"You know what, Kelvin? Why don't you just go ahead into your meeting without me?"
… golf balls.
"I'm sure the last thing you need is to be seen with your mom on your first day, right?"
"I'll just stop in and talk to the principal later this afternoon. Have a great day. Oh, and don't forget your helmet."
I can't believe it! It worked! My plan actually worked! And I didn't even have to… you know… use it! Now to play it cool. I don't want to seem too happy she's not coming in and hurt her feelings.
"You sure, Mom? It's really not a big deal."
"Really? Well, in that case I suppose I could stop in for a minute or two and—"
"NO! I mean… you don't have to do that. I… I'm sure you're real busy with… whatever it is you're working on. I'll be fine."
Yikes. Now I kinda wish she was here. Starting at a new school… with a weird name… in the middle of outer space? What was I thinking wanting to do this by myself? What if the articificial gravity on this platform stops working? What if I accidentally open the wrong door and get sucked out an air lock? What if my helmet cracks and my head implodes while I'm standing out here thinking about all the horrible things that could happen?
I'd better get inside.
I sure hope Principal Ort is in his office. Or is it her office? Guess I'll find out soon enough.
This looks like it. I press the button on the door.
"It's Kelvin Klosmo," I say. "I'm a new student and—"
"Ah, yes!" the eyeball interrupts. "Mr. Klosmo! Come right in and have a seat. We've been expecting you."
The door slides open and I step inside.
Hmm. Still no idea whether he is a she… or she is a he. Or both. Or neither.
"Hello, Kelvin. My name is Principal Ort, and I must say that we are very pleased to have you here at Sciriustrati Fibronoculareus Junior High School. VERY pleased! TREMENDOUSLY pleased! EXTRAORDINARILY pleased!"
"Wow. Thanks, I guess. But how do you even know who I am?"
"Who you are? Why, you're Kelvin Klosmo—the only student in the entire school who has both parents serving as scientists on the space station. Which means, of course, that your parents are the two most brilliant scientific minds on your entire planet. I can't even imagine what a genius you must be! We're expecting incredible things from you, young man. INCREDIBLE things! MAGNIFICENT things! SPLENDIFEROUS things!"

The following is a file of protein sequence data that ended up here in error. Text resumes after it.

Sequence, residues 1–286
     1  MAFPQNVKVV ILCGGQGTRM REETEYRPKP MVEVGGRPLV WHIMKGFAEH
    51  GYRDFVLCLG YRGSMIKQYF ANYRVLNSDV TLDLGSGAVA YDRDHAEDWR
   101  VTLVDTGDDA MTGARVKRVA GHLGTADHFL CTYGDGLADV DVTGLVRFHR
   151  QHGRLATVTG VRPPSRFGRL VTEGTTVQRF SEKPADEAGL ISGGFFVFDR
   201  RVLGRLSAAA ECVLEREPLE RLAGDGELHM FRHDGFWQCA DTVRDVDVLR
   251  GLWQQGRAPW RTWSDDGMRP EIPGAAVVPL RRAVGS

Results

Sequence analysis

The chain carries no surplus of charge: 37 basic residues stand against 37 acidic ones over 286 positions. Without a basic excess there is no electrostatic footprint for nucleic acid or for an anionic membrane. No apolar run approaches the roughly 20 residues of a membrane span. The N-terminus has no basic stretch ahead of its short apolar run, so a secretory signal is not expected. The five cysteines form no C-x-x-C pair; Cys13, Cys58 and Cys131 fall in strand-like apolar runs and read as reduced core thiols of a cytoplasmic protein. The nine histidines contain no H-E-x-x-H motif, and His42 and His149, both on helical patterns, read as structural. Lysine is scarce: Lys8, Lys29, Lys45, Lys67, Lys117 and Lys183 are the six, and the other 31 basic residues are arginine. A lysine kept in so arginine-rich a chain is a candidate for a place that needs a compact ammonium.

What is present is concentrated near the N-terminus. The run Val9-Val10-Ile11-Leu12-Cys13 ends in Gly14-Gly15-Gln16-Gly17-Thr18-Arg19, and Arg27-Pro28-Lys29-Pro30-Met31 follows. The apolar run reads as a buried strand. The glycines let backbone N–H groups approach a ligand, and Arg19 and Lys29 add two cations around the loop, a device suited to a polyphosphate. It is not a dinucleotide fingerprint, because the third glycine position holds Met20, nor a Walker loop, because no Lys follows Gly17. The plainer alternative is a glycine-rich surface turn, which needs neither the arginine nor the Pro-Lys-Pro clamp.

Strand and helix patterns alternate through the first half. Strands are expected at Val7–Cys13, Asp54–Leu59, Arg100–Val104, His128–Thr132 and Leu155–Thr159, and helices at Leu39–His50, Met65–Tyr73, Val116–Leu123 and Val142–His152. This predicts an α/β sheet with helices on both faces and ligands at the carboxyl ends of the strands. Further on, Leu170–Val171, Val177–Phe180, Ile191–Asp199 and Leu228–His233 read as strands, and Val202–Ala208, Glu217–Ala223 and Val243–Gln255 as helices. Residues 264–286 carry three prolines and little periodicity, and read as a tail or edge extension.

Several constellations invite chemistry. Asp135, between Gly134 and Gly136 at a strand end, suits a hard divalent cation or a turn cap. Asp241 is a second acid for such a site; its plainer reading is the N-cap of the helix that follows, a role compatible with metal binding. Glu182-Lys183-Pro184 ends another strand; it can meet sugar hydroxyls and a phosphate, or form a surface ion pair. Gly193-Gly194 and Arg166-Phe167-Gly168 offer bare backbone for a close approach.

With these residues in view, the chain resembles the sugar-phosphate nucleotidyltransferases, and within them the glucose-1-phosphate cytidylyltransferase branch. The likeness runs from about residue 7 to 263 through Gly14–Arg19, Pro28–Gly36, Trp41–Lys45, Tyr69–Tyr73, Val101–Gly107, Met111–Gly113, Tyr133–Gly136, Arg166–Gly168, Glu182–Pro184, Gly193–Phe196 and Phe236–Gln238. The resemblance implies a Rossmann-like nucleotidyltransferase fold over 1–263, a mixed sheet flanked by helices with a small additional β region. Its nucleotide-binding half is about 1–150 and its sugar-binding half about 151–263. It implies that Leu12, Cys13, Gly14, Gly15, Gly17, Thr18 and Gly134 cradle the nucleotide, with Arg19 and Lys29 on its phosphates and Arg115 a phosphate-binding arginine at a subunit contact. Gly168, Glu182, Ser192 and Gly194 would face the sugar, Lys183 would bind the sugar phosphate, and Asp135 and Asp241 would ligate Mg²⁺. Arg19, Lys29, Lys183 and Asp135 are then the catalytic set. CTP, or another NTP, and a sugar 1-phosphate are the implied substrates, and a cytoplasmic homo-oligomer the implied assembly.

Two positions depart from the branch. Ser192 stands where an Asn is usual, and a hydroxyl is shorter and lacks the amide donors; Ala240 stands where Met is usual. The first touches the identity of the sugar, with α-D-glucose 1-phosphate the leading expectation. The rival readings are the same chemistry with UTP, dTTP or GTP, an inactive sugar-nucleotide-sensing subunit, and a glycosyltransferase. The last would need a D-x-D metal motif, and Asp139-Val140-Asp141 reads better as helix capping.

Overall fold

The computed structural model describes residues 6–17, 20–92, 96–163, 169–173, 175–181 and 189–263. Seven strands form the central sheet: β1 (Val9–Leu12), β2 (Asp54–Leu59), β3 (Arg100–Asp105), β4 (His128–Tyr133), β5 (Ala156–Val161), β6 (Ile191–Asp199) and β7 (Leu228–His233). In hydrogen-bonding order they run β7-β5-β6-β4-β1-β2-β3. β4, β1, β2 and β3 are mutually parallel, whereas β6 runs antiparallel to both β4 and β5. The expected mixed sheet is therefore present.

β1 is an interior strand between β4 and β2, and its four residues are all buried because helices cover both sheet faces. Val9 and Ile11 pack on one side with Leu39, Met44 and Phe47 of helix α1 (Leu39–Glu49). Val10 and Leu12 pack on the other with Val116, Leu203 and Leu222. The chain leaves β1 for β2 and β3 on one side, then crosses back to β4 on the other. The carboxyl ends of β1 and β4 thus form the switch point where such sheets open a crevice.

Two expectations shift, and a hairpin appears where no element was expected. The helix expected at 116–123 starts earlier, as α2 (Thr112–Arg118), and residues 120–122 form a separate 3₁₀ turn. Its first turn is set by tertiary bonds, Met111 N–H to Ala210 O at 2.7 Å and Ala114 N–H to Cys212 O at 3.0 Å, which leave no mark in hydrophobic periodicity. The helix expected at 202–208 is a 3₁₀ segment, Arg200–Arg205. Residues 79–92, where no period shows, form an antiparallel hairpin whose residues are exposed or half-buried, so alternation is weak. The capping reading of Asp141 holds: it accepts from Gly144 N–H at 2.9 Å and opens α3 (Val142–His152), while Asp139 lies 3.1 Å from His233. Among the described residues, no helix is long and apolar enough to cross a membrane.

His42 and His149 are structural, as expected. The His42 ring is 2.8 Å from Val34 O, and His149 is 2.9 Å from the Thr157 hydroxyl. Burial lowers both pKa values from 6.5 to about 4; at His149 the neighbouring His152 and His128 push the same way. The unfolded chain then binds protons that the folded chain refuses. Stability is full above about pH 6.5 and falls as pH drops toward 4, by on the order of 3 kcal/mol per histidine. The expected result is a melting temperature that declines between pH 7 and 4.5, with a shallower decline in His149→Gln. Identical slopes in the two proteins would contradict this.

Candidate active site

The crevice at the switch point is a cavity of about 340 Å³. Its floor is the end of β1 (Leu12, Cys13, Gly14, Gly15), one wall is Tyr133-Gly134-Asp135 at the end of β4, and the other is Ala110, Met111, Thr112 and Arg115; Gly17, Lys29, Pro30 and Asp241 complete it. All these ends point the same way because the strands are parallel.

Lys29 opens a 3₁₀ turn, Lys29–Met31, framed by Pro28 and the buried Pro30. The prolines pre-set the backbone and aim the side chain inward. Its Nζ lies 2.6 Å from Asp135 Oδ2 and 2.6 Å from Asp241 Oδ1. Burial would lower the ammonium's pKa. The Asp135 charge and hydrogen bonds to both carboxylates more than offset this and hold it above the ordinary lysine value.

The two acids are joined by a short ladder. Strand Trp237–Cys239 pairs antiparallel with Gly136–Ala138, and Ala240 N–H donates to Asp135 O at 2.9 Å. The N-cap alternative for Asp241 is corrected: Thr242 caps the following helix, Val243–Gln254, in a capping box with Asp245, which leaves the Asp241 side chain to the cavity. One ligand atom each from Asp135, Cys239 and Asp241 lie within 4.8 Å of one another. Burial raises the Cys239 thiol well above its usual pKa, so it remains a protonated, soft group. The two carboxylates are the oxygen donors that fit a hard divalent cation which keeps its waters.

Uh-oh. Splendiferous? I don't even know what that means. You know that Mighty Mega Supergeniusness I told you about before? Well, I wasn't being totally honest. I sort of forgot to mention that it hasn't actually, you know, kicked in yet. It's still stuck somewhere in the back of my brain, waiting for the right time to show itself. But I'm positive it's only a matter of time. And I'm guessing it should happen pretty soon. Probably at the same time my voice changes. Only it's going to hit me all at once, like some massive bolt of lightning. Or a nuclear explosion. I just hope I'm not going to the bathroom when it happens! Until then I've got to keep faking it. Sometimes it feels like my being a genius is the only reason anyone even notices me at school.
"Uh… well… I'm expecting big things from me, too. I guess."
"Excellent! Now, where did I put your class schedule? Ah. Here it is. Let me just put on my reading glasses and take a look at which classroom you should be in at the moment."
"Ah. There we go. Now let's see… yes, here we are. Eleven twenty a.m. You should be having lunch in the cafeteria. And what an excellent way to begin your first day. Lunch Lady LL7000 always serves up delicious meals. DELICIOUS meals! DELECTIBLE meals! MELT-IN-YOUR-MOUTH meals! Let's go. I'll show you the way."
As we get up to leave, I notice a picture frame on the desk. Maybe this will help me figure out if Principal Ort is a Mr. or a Mrs. Or a Miss. Or a Mx.
"Is that your family, Principal Ort?"
"Why, yes it is, Kelvin. How nice of you to ask. We've been happily married for one hundred thirty-six years. And we have a wonderful son and daughter. We're both so proud."
Nope. No help there. Principal Ort leads me down the deserted hallway to the cafeteria. "Well, here's where I leave you for now," he or she says. "Have a wonderful first day, Kelvin. A WONDERFUL day! A SPECTACULAR day! A SENSATIONAL day! I'm extremely excited to see what great things you accomplish here."
And then it's just me—and the cafeteria door.
Well, here goes nothing. What do I have to be afraid of, anyway? I've been to plenty of new schools. I mean, how different could this one really be?
"Hmmm. I don't remember seeing you before."
"It's my first day."
"Really? What planet are you from?"
"Do they teach you how to duck on Earth?"
"C'mon, let's get out of the line of fire."
"So, what's going on? Does this happen a lot around here?"
"Every once in a while. It usually starts with some misunderstanding. Like today—somebody mistook another student for a dessert and covered him with whipped gream. That's when all shnort broke loose. In his defense, though, the kid does look an awful lot like Jell-O."
Oh man. My Mighty Mega Supergeniusness better kick in soon, or I'm in for a loooong year.
"I guess my, uh, reputation precedes me."
"It sure did. But now that you're here, it can just show up the same time you do from now on. Hey, say something brilliant!"
"Brilliant? Like what?"
"How would I know? You're the genius."
Yikes! Being put on the spot already. Think, Kelvin. There must be some smart, interesting factoid you can drum up. Something? Anything? Just as I'm about to tell Spotch that the capital of Vermont is Montpelier, Principal Ort comes through the cafeteria door.
- Praise for Sci-Fi Junior High:
—Jake Marcionette, New York Times bestselling author of the Just Jake series
- On Sale
- Feb 21, 2017
- Hachette Audio